Common Diving Petrel

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Common Name: Common Diving Petrel
Scientific Name: Pelecanoides urinatrix

Size: 7.9–9.8 inches (20-25 cm)

Habitat: Southern Hemisphere; Common Diving-petrels have discrete ranges surrounding oceanic islands in the south Atlantic at South Georgia (Georgias del Sur), the Falkland Islands (Islas Malvinas), Tristan da Cunha and Gough Island (St Helena to UK), in the south Indian Ocean, south and east of New Zealand (e.g. Antipodes Islands), and also on New Zealand's north island and Tasmania (Australia). Very little is known of their range when not breeding, but they are thought to be fairy sedentary, remaining in coastal waters adjacent to their colonies.

Status: Least Concern. Global Population: 16,000,000 mature individuals. The population is suspected to be in decline owing to predation by invasive species.

Diet: Mostly crustaceans; they catch prey by wing-propelled diving, and are capable of diving to 60 m (200 ft). They are known to forage at night on vertically migrating plankton. Feeding is mostly done in the ocean near the shore, but sometimes in the deeper pelagic zone during non-breeding season, which is only 2 months of the year.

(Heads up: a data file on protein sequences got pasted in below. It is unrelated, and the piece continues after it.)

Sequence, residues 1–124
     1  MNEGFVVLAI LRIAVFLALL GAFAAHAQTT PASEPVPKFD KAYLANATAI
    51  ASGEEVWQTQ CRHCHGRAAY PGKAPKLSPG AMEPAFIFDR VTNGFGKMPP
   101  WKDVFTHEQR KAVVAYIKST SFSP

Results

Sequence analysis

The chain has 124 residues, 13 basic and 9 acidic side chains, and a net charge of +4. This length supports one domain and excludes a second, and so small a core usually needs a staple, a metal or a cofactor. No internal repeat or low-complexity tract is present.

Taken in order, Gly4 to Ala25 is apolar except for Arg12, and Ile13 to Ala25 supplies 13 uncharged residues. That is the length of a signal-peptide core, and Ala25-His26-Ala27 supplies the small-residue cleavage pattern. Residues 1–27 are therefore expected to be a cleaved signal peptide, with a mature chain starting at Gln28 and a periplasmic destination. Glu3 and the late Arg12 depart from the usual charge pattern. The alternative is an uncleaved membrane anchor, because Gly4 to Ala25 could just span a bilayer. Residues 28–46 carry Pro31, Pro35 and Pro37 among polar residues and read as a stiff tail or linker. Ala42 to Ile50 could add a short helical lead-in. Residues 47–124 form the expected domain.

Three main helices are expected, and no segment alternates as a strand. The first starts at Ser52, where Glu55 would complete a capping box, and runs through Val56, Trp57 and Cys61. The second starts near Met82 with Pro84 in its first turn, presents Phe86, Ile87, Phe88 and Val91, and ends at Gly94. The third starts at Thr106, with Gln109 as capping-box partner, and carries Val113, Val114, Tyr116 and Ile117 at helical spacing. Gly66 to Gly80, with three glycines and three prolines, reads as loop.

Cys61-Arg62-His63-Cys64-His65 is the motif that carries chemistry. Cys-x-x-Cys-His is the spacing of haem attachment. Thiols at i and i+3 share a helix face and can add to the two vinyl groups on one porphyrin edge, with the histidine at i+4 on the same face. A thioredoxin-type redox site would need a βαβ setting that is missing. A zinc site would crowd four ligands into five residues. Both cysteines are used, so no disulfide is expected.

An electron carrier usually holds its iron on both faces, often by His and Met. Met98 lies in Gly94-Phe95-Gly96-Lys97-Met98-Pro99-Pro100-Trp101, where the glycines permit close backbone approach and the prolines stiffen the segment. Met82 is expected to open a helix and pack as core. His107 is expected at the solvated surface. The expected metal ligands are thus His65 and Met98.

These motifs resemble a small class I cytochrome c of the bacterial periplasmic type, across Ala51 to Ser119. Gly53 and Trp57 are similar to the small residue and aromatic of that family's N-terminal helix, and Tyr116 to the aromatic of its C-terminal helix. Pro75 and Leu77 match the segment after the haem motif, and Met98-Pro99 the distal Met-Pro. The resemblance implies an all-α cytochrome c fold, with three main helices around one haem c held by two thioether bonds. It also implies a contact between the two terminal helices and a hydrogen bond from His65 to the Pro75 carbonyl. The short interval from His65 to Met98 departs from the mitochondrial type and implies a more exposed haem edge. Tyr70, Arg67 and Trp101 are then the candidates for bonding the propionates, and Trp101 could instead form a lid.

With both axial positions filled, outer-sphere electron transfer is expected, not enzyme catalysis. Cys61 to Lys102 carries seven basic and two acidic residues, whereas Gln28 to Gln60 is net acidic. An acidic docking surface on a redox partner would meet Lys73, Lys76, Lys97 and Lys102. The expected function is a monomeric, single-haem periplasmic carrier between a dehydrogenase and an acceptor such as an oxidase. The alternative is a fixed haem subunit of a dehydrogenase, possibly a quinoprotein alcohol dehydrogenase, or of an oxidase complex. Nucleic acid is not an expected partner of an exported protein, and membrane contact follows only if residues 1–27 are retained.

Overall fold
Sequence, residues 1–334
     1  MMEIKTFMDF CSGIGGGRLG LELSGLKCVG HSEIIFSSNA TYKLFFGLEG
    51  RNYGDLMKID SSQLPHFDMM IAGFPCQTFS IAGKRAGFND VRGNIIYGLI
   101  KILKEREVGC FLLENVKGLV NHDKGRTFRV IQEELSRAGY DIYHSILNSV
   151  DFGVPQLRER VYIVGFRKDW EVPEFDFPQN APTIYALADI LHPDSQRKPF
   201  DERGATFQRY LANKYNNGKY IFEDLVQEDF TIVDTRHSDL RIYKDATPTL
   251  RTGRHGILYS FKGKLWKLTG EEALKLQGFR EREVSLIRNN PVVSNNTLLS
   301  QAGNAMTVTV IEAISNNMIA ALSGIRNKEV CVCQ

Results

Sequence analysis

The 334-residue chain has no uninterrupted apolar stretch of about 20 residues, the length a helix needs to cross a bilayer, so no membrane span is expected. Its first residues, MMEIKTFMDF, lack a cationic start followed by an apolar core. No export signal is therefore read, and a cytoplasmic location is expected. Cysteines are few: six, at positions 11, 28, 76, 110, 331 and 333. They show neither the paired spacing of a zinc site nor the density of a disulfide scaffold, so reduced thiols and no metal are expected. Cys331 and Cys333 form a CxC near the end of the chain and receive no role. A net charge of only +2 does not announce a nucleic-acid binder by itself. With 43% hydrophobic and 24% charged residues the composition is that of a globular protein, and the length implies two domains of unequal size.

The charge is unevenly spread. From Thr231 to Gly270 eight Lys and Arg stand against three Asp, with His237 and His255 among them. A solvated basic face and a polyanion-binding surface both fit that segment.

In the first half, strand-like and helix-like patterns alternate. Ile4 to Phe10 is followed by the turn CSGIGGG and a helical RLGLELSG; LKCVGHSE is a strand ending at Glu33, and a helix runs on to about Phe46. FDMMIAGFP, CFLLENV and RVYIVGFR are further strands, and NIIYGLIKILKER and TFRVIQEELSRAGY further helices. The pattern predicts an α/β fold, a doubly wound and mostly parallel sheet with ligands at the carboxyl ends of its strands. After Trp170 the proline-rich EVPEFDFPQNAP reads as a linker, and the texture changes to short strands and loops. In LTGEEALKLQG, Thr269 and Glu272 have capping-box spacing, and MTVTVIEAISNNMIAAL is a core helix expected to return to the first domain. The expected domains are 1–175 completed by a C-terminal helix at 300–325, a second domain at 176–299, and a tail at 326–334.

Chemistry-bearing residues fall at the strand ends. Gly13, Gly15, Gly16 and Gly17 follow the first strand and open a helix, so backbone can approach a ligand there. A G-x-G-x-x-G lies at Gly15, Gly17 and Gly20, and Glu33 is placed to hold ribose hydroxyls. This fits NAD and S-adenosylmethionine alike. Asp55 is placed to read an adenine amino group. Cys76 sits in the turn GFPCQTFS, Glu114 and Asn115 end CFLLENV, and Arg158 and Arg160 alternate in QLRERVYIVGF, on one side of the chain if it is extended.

Breeding: The mating habits are not well documented, although pairs form monogamous relationships. Breeding colonies are large and there is about one nest per 1 square meter (11 sq ft). The nest is a burrow around 50 cm long with a chamber at the bottom which may or may not be lined with dried grass. Females lay a single white egg, which measures 38 x 29 mm, and is incubated for 53–55 days. The young are brooded for 10–15 days and fledgling occurs at 45–59 days. Both parents take care of the young, which are grey-grown when hatched. The life expectancy is 6.5 years.

Cool Facts: There are six subspecies, which vary in body measurements, particularly bill size:

  • P. u. urinatrix (J. F. Gmelin, 1789) Australia, North Island (New Zealand)
  • P. u. chathamensis (Murphy & Harper, 1916) Stewart Island, Snares Islands, Chatham Islands (New Zealand)
  • P. u. exsul (Salvin, 1896) South Georgia, subantarctic islands of the Indian Ocean, Auckland Islands, Antipodes Island, Campbell Island
  • P. u. dacunhae (Nicoll, 1906) Tristan da Cunha and Gough Island
  • P. u. berard (Gaimard, 1823) Falkland Islands
  • P. u. coppingeri Mathews, 1912) uncertain, probably southern Chile

Found in Songbird ReMix Seabirds Volume 2

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